Scholars make their living generating theories about Shakespeare. But given the adequate historical documents available, there is really little doubt but that Shakespeare is the true author of his plays. His grammar school education was the perfect preparation for a writing career, and his diversified work in the theater allowed him to fine tune his natural genius.

He was, all in all, just a man with the usual faults and frailties, but with a remarkable talent. It's what we can sense of his vulnerable humanity that makes his achievement so meaningful for us, and which saves him from cold monumentalism.

The great Shakespeare scholar Harold Bloom claims that Shakespeare in fact created our modern sense of personhood. Like the Renaissance painters in visual art, Shakespeare developed perspective, dimension and realistic coloration in literary rendition and gave to us accurate portraits of human love, courage, hate and despair. Like the period's anatomists and vivisectionists he opened up the human psyche and showed us the workings of our intellect and emotions.

I apologize if I have gone on too long. My intention is to encourage greater participation in this group. You see, you simply can't lose by reading/watching Shakespeare. He offers treasures one can never find elsewhere, gems you can never misplace. And discussing Shakespeare at our meetings in a friendly and casual atmosphere is a great way to enhance your pleasure and understanding.

Michael Z.
A former member
Post #: 403
I consider the anti-Stratfordian argument to be a kind of conspiracy theory, speciously presented by a minority of scholars. I believe in Darwinian evolution & the Theory of Relativity not because I am sufficiently informed about biology & physics to judge for myself, but rather because the majority of respected scientists favor these theories. The majority of Shakespeare scholars who do hard-nosed, no-nonsense research support Shakespeare of Stratford as author of the plays. So I depend on their expert judgment.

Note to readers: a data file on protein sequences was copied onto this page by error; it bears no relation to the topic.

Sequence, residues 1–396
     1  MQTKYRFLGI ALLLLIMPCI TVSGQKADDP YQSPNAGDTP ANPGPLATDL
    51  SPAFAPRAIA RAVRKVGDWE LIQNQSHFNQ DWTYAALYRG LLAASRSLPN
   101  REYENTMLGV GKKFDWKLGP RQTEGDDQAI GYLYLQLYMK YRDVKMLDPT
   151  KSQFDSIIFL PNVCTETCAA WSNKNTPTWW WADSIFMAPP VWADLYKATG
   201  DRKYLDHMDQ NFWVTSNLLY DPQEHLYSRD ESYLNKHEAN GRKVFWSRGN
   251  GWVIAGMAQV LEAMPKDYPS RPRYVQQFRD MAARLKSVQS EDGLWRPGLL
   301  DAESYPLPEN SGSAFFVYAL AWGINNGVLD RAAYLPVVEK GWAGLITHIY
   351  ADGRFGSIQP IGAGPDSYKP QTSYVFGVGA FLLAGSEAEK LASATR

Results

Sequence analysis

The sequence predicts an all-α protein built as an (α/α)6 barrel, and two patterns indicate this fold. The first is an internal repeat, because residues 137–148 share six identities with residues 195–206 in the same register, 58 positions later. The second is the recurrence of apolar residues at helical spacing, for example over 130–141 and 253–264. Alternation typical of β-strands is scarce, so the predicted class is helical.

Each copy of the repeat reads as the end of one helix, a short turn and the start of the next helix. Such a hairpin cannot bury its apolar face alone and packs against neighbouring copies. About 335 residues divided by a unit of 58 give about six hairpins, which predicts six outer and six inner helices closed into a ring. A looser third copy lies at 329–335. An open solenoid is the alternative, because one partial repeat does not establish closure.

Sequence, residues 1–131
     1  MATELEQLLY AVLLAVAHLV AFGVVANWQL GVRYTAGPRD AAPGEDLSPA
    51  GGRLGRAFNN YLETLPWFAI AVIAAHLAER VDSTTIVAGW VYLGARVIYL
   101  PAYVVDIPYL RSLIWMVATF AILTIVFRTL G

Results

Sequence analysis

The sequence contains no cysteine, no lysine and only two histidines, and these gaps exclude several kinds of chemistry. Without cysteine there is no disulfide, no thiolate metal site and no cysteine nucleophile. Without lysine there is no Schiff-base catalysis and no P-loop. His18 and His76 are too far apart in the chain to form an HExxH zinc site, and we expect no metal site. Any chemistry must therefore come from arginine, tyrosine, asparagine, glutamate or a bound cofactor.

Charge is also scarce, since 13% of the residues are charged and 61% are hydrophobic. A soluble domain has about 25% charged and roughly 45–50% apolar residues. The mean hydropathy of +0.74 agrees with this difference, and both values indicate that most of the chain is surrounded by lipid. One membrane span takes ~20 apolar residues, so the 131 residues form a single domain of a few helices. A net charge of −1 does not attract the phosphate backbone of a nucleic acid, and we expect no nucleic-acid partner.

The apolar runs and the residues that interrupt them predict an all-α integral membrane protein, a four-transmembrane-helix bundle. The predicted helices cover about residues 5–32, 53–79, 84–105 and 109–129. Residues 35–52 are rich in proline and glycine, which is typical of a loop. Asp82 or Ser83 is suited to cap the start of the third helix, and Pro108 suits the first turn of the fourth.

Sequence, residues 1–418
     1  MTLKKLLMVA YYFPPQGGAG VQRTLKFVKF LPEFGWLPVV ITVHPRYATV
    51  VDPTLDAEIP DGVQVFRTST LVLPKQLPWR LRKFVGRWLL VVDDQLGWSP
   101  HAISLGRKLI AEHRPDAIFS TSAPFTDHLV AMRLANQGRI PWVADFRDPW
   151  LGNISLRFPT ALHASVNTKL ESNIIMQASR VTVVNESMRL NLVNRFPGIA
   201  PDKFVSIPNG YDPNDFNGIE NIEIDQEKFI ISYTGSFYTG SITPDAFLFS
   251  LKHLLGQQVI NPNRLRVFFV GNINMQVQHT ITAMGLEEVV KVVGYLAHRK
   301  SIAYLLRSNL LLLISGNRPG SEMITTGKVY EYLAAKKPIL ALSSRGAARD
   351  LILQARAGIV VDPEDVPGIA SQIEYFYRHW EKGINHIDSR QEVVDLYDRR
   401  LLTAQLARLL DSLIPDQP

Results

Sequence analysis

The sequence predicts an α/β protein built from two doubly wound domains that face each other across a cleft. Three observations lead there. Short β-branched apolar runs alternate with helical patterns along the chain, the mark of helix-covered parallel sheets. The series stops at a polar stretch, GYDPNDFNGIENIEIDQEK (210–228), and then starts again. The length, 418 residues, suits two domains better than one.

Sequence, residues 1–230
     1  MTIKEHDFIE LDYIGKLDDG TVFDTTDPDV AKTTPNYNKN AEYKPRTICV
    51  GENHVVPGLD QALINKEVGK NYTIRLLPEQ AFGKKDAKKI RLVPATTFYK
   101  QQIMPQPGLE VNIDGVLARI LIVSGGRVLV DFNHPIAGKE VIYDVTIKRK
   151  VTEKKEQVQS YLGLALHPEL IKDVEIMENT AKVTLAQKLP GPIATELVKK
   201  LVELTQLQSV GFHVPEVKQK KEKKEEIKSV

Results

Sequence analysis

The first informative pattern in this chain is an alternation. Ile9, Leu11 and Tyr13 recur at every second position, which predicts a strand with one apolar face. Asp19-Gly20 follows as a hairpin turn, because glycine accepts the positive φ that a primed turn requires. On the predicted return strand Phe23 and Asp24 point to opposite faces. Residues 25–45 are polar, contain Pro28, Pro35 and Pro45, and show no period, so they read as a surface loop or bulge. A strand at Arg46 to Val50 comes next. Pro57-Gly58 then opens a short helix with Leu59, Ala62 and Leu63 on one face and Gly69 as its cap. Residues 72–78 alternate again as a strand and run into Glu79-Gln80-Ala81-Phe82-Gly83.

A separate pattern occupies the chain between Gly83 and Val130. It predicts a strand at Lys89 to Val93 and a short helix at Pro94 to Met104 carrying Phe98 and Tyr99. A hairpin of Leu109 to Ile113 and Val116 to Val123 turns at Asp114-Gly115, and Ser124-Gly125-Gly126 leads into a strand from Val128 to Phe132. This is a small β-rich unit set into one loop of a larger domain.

The grammar schools of Shakespeare's time concentrated on writing skill, Latin, memorizing poetry & history. For a possibly brilliant student this was good preparation for writing drama. Ben Jonson, the second best playwright of the time, had a similar background: no university education. Yet Jonson is renowned for his erudition; he translated many Latin works into English, for example. How did he accomplish this? Self-study, of course. In our own time Gore Vidal went to a fine prep school but never had a college education. When people are very bright and they read intensely, they often profit from avoiding the sometimes numbing experience of higher ed. Mark Twain, Melville, Dickens, and countless others never went to college.

In addition the hard evidence of documents all point to Shakespeare as author. For example, Jonson's dedication:

To the memory of my beloved,
The Author
MR. W I L L I A M S H A K E S P E A R E :
what he hath left us.

From Wikipedia: The historical record is unequivocal in assigning the authorship of the Shakespeare canon to William Shakespeare.[71] In addition to the name appearing on the title pages of poems and plays, his name was given as that of a well-known writer at least 23 times during his lifetime.[72] Several contemporaries corroborate the identity of the playwright as the actor,[73] and explicit contemporary documentary evidence attests that the actor was the Stratford citizen.[74]